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Roy Jones Jr. Unifies Belt

Roy Jones made it look so easy, dancing into the ring then around Reggie Johnson, taunting him, dominating him from start to finish. He even took time to talk to Michael Jordan, who sat ringside.

"I hope everyone had as good a time as I did, because I had a damn good time," Jones said Saturday night after becoming the first undisputed light heavyweight champion in 14 years.

Jones' speed and quickness gave him a huge edge and a huge victory. He won every round on his way to a unanimous decision. Every judge had it 120-106 in favor of Jones, who added Johnson's IBF title to the WBA and WBC crowns he already had.

"Roy was real quick," Johnson said. "I didn't have time to counter his punches. Coming into the fight, I knew I had to give a lot and take a lot of punches."

Johnson was able to reach only one of those goals taking a lot of punches.

Jones, 40-1 with 33 knockouts, landed 273 punches to Johnson's 49, and connected with 63 jabs to 16 for Johnson. CompuBox showed that Jones landed 210 power punches, Johnson 33.

"I was carefully guiding the punches," Jones said, holding his fists aloft. "I've got radar in these things."

It seemed that way. Jones knocked down Johnson twice and repeatedly had him wobbling.

Jones, who weighed 174 pounds, used a straight right 1:58 into the first round to knock down Johnson. The Houston fighter got up quickly, but was bleeding from his right eye.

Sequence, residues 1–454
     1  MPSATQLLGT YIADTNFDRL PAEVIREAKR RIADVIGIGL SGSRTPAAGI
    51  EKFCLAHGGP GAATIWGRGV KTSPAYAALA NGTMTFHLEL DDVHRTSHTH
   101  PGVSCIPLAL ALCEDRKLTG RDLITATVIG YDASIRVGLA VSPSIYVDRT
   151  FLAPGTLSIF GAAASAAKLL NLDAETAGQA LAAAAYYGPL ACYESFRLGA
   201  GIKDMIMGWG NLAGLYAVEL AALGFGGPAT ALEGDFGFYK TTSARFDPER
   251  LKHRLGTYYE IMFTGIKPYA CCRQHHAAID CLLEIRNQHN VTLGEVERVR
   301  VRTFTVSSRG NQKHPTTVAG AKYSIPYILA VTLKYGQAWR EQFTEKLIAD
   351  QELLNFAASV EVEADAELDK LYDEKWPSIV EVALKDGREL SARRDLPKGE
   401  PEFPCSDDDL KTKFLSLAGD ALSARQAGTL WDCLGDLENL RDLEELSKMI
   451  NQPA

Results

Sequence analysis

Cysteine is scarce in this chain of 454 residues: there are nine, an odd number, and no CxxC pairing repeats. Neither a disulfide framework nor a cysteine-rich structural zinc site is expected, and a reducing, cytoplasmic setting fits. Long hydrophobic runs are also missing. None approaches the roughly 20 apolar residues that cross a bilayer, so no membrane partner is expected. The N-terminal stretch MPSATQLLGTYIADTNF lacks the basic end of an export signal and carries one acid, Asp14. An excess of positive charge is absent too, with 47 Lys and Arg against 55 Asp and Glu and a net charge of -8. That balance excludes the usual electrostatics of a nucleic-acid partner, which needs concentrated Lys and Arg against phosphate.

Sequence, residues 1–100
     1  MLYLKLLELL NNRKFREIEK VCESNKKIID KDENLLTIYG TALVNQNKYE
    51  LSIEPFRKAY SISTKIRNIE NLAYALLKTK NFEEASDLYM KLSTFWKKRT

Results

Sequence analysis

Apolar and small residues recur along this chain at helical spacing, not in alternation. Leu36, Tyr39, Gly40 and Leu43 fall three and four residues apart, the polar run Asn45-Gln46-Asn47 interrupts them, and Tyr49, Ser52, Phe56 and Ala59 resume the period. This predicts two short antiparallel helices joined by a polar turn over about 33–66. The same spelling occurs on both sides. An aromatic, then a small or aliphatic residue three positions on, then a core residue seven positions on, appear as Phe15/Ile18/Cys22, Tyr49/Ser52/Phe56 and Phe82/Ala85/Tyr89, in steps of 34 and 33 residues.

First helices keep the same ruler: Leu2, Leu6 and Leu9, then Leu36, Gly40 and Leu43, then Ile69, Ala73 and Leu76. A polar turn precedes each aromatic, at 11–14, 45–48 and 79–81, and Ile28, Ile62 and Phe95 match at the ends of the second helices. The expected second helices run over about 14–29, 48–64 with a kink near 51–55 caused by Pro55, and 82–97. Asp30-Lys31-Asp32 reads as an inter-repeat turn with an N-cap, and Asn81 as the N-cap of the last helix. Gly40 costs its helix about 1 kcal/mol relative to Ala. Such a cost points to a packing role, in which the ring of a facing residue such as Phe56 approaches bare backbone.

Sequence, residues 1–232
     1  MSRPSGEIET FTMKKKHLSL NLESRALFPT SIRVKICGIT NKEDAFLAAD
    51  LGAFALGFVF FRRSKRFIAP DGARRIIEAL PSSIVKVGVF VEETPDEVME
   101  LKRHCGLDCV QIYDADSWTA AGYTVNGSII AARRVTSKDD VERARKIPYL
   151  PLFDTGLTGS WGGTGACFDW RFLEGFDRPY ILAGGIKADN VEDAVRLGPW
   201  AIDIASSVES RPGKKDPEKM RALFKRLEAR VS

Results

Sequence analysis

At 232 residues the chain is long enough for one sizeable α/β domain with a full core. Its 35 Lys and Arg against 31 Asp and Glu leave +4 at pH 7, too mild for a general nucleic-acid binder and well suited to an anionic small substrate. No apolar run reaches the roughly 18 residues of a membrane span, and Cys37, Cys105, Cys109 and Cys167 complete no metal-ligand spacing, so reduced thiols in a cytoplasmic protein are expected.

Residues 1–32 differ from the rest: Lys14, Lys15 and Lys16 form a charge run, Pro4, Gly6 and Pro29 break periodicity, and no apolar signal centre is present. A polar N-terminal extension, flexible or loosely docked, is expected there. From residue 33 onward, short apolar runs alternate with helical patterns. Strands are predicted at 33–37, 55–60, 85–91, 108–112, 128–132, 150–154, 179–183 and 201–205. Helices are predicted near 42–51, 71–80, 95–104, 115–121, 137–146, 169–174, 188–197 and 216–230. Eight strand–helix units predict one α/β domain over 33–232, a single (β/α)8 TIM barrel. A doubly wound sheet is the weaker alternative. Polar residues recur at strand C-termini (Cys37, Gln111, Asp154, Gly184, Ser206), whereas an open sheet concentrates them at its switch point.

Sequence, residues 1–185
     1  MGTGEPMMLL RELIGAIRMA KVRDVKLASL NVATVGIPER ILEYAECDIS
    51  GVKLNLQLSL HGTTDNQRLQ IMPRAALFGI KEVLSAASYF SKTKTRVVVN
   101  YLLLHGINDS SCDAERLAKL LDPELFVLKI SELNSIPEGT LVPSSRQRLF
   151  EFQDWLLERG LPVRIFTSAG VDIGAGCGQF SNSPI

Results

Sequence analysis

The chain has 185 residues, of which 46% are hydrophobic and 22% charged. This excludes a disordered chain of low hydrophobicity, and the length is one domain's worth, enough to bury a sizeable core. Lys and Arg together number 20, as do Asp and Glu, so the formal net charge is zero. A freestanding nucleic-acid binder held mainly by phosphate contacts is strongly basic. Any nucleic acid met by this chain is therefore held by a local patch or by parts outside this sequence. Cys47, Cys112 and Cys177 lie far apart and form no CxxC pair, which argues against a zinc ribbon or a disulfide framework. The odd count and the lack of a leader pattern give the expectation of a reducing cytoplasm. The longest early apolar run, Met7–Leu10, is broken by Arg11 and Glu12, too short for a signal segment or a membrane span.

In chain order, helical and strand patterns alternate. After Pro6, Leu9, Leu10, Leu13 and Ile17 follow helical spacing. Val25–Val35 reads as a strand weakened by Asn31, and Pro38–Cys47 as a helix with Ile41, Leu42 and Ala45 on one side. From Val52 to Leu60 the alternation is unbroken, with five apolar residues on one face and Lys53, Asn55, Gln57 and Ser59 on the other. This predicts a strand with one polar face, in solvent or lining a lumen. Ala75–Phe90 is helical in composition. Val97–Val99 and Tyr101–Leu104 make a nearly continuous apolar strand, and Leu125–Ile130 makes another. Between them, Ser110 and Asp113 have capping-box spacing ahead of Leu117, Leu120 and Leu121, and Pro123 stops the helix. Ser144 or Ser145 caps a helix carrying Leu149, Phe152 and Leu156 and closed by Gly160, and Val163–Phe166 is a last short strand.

In the third round, Jones countered a right from Johnson with a left-right combination that sent him to the canvas. Again Johnson got up quickly and the bell ended the round. By that time, blood was streaming from Johnson's eye.

Johnson, 171, was only able to fight back in spurts by the fourth round. The rest of the time he was backing away or covering up. When he managed to get inside, Jones punished him with jabs and uppercuts.

Halfway through the 12-round fight his face was swollen, his white trunks streaked with blood. But Johnson, 39-6-1, kept answering at the bell.

The crowd, which included a big contingent from Jones' hometown of Pensacola, Fla., called for a knockout. There were some boos late in the fight when Jones didn't press his attack. Johnson did go down in the 12th after a solid right from Jones, but it was ruled a slip.

"I could have pressured him and knocked him out, but why would I take a chance on him getting a lucky punch and knocking me out?" Jones said. "That's not very businesslike."

But Jones was not completely businesslike.

He couldn't resist showboating when it became apparent how completely he was dominating the fight. At one point, he backed Johnson to the ropes, looked at Jordan and shouted, `Watch this!" before throwing a flurry of jabs.

"We had the best player ever in the building and at the same time, we had the best boxer in the building," said Jones, himself a fomer professional basketball player.

It was the fifth defense of his titles in the last 18 months for Jones. He became the only fighter to currently hold a unified title and only the third undisputed light heavyweight champion, joining Bob Foster and Michael Spinks.

©1999 The Associated Press. All Rights Reserved. This material may not be published, broadcast, rewritten, or redistributed

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